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9. No self-plumed vanity || was there,
With fancy's consequence || elate;
That means to speak || superior state.
And bid the main-flood || bate his usual hight;
11. Now the hungry | lion roars,
And the wolf || behowls the moon;
With his weary || task foredone. 12. Now the wasted || brands do glow,
While the screech-owl || screeching loud,
In remembrance || of his shroud.
The piercing steel, || with reeking purple dyed :
A Simile, in poetry, should be read in a lower tone of voice, than other parts of the passage.
(The Similes are put in Italics.)
That, in the shock of charging hosts unmoved,
In peaceful thought the field of death surveyed,
2. Part curb their fiery steeds, or shun the goal
With rapid wheels, or fronted brigades form.
- felt the envenomed robe, and tore
Each at the head,
To join the dark encounter, in mid-air:
4. Then pleased and thankful, from the porch they go,
And, but the landlord, none had cause of woe:
5. While o’er the foam, the ship impetuous flies,
The attentive pilot still the helm applies ;
QUESTIONS.—What is the difference between the inflection proper in prose and in verse ? What is the principal difficulty in reading poetry correctly? How may this difficulty be overcome? If there should be doubt as to the proper inflection, how may the inflection be determined ? If the poetical accent or emphasis conflicts with the common and authorized pronunciation, which should yield ? How may the difficulty sometimes be compromised ? Illustrate this by examples. What pauses are peculiar to poetry? What danger is there with regard to poetical pauses? How is it to be avoided? What caution should be observed with regard to the cesura ? How should a simile be read in poetry?
CULTIVATION AND MANAGEMENT OF THE VOICE.
I. STRENGTH AND COMPASS.
“The first object of every speaker's attention, is to have a smooth, even, full tone of voice. If nature has not given him such a voice, he must endeavor, as much as possible, to acquire it; nor ought he to despair; for such is the force of exercise upon the organs of speech, that constant practice will strengthen the voice in any key to which we accustom it. That key, therefore, which is the most natural, and which we have the greatest occasion to use, should be the key we ought the most diligently to improve.
Every one has a certain pitch of voice in which he can speak most easily to himself and most agreeably to others; this may be called the natural pitch; this is the pitch in which we converse ; and this must be the basis of every improvement we acquire from art and exercise. In order, therefore, to strengthen this middle tone, we ought to read and speak in it, as loud as possible, without suffering the voice to rise into a higher key. This, however, is no easy operation. It is not very difficult to be loud in a high tone, but to be loud and forcible without raising the voice into a higher key, requires great practice and management.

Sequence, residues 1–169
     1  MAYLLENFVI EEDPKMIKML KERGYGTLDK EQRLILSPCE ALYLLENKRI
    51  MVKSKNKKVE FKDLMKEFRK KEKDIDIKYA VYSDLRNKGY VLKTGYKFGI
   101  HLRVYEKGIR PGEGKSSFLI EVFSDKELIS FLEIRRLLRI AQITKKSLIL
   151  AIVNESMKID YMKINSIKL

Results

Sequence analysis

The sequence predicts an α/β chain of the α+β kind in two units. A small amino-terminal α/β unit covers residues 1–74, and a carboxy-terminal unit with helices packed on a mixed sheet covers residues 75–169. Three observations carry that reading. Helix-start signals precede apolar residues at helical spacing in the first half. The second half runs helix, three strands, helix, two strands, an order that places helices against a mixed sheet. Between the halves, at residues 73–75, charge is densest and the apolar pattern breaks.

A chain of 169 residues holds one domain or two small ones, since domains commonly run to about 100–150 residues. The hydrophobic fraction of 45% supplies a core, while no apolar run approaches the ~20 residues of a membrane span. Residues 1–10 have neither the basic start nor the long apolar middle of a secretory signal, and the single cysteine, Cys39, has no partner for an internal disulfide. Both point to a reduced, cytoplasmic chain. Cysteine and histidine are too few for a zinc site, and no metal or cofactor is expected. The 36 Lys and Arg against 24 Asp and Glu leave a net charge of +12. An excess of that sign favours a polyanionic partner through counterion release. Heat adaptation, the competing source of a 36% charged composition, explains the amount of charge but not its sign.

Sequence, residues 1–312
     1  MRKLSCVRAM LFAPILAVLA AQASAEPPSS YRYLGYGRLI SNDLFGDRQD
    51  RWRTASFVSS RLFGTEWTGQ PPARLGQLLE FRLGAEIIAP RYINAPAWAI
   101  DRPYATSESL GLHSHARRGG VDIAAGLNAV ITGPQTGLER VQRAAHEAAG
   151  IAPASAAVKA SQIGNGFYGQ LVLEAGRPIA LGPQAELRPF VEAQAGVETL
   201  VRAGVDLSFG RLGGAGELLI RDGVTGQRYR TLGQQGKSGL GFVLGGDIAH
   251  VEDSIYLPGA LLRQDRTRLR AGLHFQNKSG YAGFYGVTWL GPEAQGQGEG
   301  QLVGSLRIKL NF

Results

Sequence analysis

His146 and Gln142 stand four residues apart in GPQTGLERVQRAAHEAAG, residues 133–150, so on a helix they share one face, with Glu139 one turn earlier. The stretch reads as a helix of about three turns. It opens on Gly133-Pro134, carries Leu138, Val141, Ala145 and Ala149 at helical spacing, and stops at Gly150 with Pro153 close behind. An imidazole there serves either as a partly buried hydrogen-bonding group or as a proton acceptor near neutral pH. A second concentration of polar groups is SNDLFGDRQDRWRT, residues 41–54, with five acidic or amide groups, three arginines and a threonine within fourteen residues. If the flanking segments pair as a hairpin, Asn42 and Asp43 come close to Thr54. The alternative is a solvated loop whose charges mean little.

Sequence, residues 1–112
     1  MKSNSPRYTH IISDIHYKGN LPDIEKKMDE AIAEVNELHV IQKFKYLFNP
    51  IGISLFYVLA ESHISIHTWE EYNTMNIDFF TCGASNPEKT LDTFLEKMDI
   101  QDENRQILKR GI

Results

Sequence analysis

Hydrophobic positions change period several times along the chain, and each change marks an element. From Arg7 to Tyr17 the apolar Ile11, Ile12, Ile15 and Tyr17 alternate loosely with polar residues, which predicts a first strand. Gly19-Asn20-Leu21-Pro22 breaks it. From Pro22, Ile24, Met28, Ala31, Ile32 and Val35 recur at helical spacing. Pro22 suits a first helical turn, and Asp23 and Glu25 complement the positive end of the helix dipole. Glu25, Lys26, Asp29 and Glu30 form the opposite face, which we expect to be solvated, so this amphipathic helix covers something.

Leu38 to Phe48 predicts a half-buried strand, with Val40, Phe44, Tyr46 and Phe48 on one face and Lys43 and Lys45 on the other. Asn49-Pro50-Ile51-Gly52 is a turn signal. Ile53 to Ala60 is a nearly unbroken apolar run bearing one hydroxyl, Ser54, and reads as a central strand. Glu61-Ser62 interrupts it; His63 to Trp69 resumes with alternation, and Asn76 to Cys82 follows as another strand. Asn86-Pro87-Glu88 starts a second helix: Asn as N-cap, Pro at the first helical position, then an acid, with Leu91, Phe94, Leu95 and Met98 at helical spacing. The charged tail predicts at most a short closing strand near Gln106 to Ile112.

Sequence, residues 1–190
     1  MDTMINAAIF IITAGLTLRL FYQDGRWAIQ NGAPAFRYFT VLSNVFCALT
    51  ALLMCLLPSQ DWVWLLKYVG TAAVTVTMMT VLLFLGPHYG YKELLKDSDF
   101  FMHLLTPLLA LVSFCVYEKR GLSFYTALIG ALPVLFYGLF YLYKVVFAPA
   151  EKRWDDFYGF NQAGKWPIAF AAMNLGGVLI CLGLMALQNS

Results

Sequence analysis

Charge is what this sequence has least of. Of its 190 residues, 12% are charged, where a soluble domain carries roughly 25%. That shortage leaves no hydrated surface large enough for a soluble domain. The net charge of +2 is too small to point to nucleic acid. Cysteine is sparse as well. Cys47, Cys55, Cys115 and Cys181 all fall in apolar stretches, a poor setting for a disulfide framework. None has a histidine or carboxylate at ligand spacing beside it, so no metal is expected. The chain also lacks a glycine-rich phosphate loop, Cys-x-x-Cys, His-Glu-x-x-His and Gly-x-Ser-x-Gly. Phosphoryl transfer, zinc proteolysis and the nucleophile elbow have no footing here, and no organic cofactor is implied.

The best method of acquiring this power of voice, is to praetice reading and speaking some strong, animated passages, in a small room, and to persons placed at as small a distance as possible; for, as we naturally raise our voice to a higher key, when we speak to people at a great distance, so we naturally lower our key, as those, to whom we speak, come nearer. When, therefore, we have no idea of being heard at a distance, the voice will not be so apt to rise into a higher key, when we wish to be forcible; and, consequently, exerting as much force as we are able, in a small room, and to people near us, will tend to swell and strengthen the voice, in the middle tone."*
Low Tones of Voice, May be acquired and strengthened, by practice on such pieces as naturally require a pitch a little below the natural or conversational tone; such, for example, as contain the expression of hatred, scorn, or reproach, as well as those of a very grave and solemn character. When the student can pronounce such pieces with ease and force, let him practice them on a little lower note, and so on, until the voice has been sufficiently cultivated in that direction.
O, proper stuff!
This is the very painting of your fears :
2. Thou slave! thou wretch! thou coward !
Thou little valiant, great in villainy !
Upon my party! thou cold-blooded slave. 3.
Poison be their drink,
* Wilker's Rhetorical Grammar. p. 215.
Their sweetest shade a grove of cypress trees !
And boding screech-owls make the concert full. 4. God! thou art mighty! At thy footstool bound,
Lie, gazing to thee, Chance, and Life, and Death;
Then take my spirit, all omnipotent, to thee. 5.
Has not been dazzled by thy majesty ?
High Tones of Voice, May be acquired by a process similar to that just described. Select such passages as require a high key, and read them with the utmost possible force. Then pitch the voice a little higher, at each successive reading, and so on until the end is accomplished. Speaking in the open air, at the very top of the voice, is an exercise admirably adapted to strengthen the voice and give it compass, and should be frequently practiced.
EXAMPLES FOR PRACTICE. 1. What was the part of a faithful citizen? of a prudent, active. and honest minister? Was he not to secure Euboea, as our defense against all attacks by sea ? Was he not to make Boeotia our barrier on the mid-land side ? the cities bordering on Peloponnesus our bulwarks